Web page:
|Manish Amin, DO||Kern Medical Center, Department of Emergency Medicine, Bakersfield, California|
|Angela Torres, MS-IV||LAC+USC Medical Center, Department of Emergency Medicine, Los Angeles, California|
|Phillip Aguìñiga-Navarrete,||Kern Medical Center, Department of Emergency Medicine, Bakersfield, California|
|Daniel Quesada, MD||Kern Medical Center, Department of Emergency Medicine, Bakersfield, California;
LAC+USC Medical Center, Department of Emergency Medicine, Los Angeles, California
|Jason P. Jerome, MD||Kern Medical Center, Department of Trauma Surgery, Bakersfield, California|
|Amber Jones, DO||Kern Medical Center, Department of Emergency Medicine, Bakersfield, California|
Literature on ulnar artery thrombosis and acute finger ischemia is scant and usually related to underlying hypercoagulable or occlusive states, such as atrial fibrillation, thrombangiitis obliterans, vasospasm, trauma, and neurovascular compression at the root of the upper limb. An elderly hypertensive male without an underlying hypercoagulable state, and in otherwise good health, presented to our emergency department with acute multi-finger ischemia, and ulnar artery and palmar arch thromboses. Given his innocuous history, this case demonstrates the importance of maintaining acute arterial thrombosis on the differential for hand pain despite the obvious propensity toward mechanical injuries in the extremities.
A 65-year-old male with a past medical history of hypertension presented to the emergency department with sudden-onset distal fourth digit pain and paresthesia in the second through fourth digits of the right hand. His examination revealed mild distal duskiness with proximal pallor of the second through fourth digits, with mottling of his palm. Radial pulses were 2+ with weak ulnar pulses. Capillary refill was greater than two seconds. Allen’s test was positive.
His electrocardiogram showed normal sinus rhythm. His coagulation panel, laboratory and inpatient hypercoagulability workup was unremarkable. A computed tomographic angiogram of the right upper extremity displayed an ulnar-artery filling defect (Image 1). A heparin drip was initiated in consultation with vascular surgery. A formal angiogram of his upper extremity revealed a similar filling defect (Image 2A), at which point intra-arterial tissue plasminogen activator (tPA) was initiated. On hospital day two, the patient had a return of a strong ulnar pulse and improved perfusion to the affected digits (Images 2B, 3A, and 3B).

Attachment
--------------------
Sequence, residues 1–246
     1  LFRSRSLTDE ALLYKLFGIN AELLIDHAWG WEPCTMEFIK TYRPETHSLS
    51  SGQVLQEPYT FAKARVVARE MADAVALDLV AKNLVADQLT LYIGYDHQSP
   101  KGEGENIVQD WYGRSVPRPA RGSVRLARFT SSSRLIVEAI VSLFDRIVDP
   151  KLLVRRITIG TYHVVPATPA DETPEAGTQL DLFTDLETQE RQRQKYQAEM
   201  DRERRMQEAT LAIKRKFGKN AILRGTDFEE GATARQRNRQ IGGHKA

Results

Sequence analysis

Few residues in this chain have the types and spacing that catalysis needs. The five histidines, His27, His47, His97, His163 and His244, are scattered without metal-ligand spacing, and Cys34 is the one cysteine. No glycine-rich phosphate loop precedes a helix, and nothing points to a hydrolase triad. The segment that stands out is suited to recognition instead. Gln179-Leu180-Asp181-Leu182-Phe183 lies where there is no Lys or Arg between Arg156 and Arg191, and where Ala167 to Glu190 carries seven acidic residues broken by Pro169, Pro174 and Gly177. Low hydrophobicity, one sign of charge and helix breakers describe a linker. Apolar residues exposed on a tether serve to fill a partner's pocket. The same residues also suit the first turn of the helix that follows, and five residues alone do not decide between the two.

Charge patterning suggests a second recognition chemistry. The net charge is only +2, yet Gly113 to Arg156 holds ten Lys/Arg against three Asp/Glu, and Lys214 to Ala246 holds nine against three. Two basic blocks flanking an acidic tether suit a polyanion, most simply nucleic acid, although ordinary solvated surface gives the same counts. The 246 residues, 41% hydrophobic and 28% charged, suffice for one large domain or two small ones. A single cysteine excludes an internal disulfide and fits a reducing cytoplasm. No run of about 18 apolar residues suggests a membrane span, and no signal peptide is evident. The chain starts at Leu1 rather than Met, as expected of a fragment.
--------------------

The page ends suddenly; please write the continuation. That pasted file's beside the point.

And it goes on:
Common etiologies of acute finger ischemia include but are not limited to hypercoagulable states, atrial fibrillation, thrombangiitis obliterans, vasospasm, trauma, and neurovascular compression at the root of the upper limb.1 This case demonstrates the importance of physical exam maneuvers such as neurovascular testing, assessment of capillary refill and Allen’s test in diagnosing critical limb ischemia where a history of risk factors for arterial thrombi is absent. The management of limb ischemia includes initiating anti-platelet therapy and heparin to prevent further thrombosis.5 Restoration of blood flow can be achieved by intra-arterial thrombolytic infusions in conjunction with interventional radiology, surgical revascularization, or thrombectomy.5 A retrospective, single-center study revealed a trend toward increased amputation-free survival in patients who underwent thrombolysis after acute finger ischemia; however, the study lacked power.2”Further studies are needed to delineate treatment guidelines for patients presenting with acute finger ischemia.
What do we already know about this clinical entity?
Digital ischemia is an uncommon entity that occurs in patients with underlying hypercoagulable states. Treatments include anticoagulation and vascular surgery.
What is the major impact of the image(s)?
The images detail the appearance of acute finger ischemia in a patient lacking risk factors, illustrating that acute finger ischemia must be on the differential diagnosis for hand pain.
How might this improve emergency medicine practice?
In the setting of acute digit pain, even with a relatively benign physical exam, a high index of suspicion for ischemia must be maintained.
Section Editor: Rick A. McPheeters, DO
Full text available through open access at http://escholarship.org/uc/uciem_cpcem
Documented patient informed consent and/or Institutional Review Board approval has been obtained and filed for publication of this case report.
Address for Correspondence: Manish Amin, DO, Kern Medical Center, Department of Emergency Medicine, 1700 Mount Vernon Ave., Bakersfield, CA 93306 Email: Manish.Amin@Kernmedical.com. 4:85 – 87
Submission history: Revision received September 15, 2019; Submitted November 10, 2019; Accepted November 18, 2019
Conflicts of Interest: By the CPC-EM article submission agreement, all authors are required to disclose all affiliations, funding sources and financial or management relationships that could be perceived as potential sources of bias. The authors disclosed none.
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